arvindr9's blog

By arvindr9, history, 11 days ago, In English

Hello everyone! I will be streaming myself doing Educational Codeforces Round 17 on Tuesday November 30 from 6:30 — 8:30 am EST. You will be able to watch the stream on my Twitch page

I have included recordings to some of my past streams in my YouTube channel. Smash the subscribe button!

See you then!

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By arvindr9, history, 3 weeks ago, In English

Hi everyone,

I will be streaming myself doing a virtual for Codeforces Round #752 Div1 from 6:30 — 8:30 AM EST on November 19 (< 8 hours from now!).

You can see the stream at my Twitch page

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By arvindr9, history, 4 weeks ago, In English

Hi everyone!

I will be streaming myself upsolving some problems. I am planning on trying some Opencup problems (I’ve been working on trying to upsolve https://codeforces.com/gym/102994/ ).

The stream will be on November 11 from 6 — 8:30 AM EST, and will be run from my Twitch channel

See you there!

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By arvindr9, history, 5 weeks ago, In English

Hello everyone!

I will be streaming myself upsolving a few problems that I’ve been meaning to for a while.

Some of the problems I plan to look at (graph-related problems) are https://codeforces.com/contest/1341/problem/E https://codeforces.com/problemset/problem/1064/D

The above problems are maybe not particularly difficult for some, but they are problems that I remember struggling at when I saw them.

The stream will be on November 4 from 6:30 — 8:30 EST (12 hours from now!). It will take place in my Twitch channel

See you soon!

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By arvindr9, history, 6 weeks ago, In English

Hi everyone!

I’m glad to say that I have just regained Master! In order to motivate myself to practice further, I will be running another stream, where I will be doing Codeforces Round 751 Div 1 on Thursday October 28 from 6:30 — 8:30 AM EST.

You will be able to watch it on my Twitch page.

See you then!

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By arvindr9, history, 7 weeks ago, In English

Hi everyone!

I will be streaming myself upsolving Educational Codeforces Round 115 on Tuesday 10/19 from 6:30 — 8:30 AM EST at my Twitch page.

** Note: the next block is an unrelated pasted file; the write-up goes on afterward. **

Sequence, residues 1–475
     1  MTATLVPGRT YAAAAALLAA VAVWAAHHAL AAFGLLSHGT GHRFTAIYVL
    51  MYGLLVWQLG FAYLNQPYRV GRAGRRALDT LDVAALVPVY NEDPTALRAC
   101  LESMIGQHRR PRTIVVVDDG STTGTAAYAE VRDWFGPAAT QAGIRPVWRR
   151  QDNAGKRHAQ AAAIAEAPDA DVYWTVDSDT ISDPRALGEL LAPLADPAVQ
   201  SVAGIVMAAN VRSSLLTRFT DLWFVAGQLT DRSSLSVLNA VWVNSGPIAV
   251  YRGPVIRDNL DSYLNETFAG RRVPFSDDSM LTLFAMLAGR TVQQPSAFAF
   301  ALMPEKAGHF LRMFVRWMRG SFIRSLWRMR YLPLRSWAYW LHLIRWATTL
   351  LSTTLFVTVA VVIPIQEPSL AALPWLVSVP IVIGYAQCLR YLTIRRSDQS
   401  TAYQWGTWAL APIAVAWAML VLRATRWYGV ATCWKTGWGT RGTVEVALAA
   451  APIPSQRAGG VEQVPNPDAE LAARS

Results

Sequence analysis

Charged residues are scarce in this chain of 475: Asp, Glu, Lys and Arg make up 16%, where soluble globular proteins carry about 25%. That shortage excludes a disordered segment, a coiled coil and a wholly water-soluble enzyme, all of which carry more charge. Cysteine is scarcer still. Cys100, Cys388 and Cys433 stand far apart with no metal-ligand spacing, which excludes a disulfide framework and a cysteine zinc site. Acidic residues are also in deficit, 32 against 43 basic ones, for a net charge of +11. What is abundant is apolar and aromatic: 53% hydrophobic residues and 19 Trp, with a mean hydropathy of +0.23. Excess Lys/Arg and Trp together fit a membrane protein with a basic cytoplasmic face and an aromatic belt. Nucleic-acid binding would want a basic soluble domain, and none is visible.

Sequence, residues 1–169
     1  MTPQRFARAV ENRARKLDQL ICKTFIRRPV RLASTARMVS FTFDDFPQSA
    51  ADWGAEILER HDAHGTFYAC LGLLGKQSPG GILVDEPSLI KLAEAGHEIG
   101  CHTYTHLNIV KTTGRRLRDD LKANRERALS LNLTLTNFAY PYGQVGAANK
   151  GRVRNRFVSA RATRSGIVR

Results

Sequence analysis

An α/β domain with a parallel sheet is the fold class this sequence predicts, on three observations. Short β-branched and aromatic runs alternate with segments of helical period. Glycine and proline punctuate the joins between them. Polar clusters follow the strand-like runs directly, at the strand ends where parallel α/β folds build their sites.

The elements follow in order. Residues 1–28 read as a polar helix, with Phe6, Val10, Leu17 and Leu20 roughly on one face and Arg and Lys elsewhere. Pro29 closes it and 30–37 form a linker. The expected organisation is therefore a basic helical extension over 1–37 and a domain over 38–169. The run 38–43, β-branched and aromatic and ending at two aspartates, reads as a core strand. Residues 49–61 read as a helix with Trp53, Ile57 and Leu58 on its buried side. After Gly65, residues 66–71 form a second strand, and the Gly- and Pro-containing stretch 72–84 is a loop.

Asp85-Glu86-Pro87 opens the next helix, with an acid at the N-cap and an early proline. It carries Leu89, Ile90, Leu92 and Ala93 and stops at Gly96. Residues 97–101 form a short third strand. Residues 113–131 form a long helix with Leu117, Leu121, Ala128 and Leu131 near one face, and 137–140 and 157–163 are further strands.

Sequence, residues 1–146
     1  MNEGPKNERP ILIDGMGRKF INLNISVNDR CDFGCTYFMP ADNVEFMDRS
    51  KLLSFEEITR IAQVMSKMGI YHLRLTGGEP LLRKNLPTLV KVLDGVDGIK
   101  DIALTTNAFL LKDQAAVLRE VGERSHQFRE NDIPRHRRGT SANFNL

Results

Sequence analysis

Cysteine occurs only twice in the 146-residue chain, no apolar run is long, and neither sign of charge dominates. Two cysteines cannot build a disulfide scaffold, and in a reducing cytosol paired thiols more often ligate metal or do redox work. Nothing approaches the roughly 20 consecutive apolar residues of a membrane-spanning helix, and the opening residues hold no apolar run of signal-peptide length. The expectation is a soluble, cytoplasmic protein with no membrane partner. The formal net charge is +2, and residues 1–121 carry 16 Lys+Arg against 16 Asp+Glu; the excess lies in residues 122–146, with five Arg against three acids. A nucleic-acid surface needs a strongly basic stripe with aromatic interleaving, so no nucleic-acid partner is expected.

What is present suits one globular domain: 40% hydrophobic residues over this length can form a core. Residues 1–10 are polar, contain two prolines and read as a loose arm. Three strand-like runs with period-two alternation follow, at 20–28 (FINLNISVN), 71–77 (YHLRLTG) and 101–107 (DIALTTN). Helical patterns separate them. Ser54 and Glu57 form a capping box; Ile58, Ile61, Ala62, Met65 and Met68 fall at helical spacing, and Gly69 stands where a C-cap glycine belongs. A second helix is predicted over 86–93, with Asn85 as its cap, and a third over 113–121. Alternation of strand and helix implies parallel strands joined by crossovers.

I had 64 unique viewers (and a max of 7 simultaneous users) my last stream, which was fantastic! Seems like I figured out how to configure the video and audio settings during my last stream, so hopefully things should run more smoothly this time.

This will be recorded (I also have the recording of stream 2, and will make that accessible soon).

See you then!

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By arvindr9, history, 2 months ago, In English

Hi everyone!

I will be streaming myself doing Educational Codeforces Round 115 on Thursday 10/14 from 6:30 — 8:30 AM EST at my Twitch page

My goal this time is to have more than 5 viewers! (My previous stream had 5 viewers). I’ll comment in this blog right before I start to remind people about the stream. I’m relatively new to OBS, but I will try to have some kind of recording of this stream.

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By arvindr9, history, 3 months ago, In English

Hi Codeforces!

I’ve decided to try streaming. Given that I was very active in competitive programming last year during Covid and have recently been inactive during the start of the new school year (and have gotten very rusty :p ), I have decided to revive my involvement in competitive programming by trying streaming.

I will be streaming myself doing Codeforces Global Round 16 tomorrow Sept 14 from 6:30 — 9 am EST. In order to free up the rest of my day to do other work / destress, I will be streaming early in the morning in my timezone (EST).

You will be able to find the stream at my Twitch profile https://www.twitch.tv/arvindr9

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By arvindr9, history, 9 months ago, In English

I was in the process of upsolving Codeforces Round 707. I'm not quite sure how to do 1C, and the editorial seems a bit difficult to understand.

It seems like I'm not the only one who is having difficulty understanding the editorial 1C. Thanks to mshiladityam for posting a comment asking about why the $$$O(nm^2)$$$ solution works (here), which received 16 upvotes (many of whom I'm presuming also are unsure about that portion of the editorial).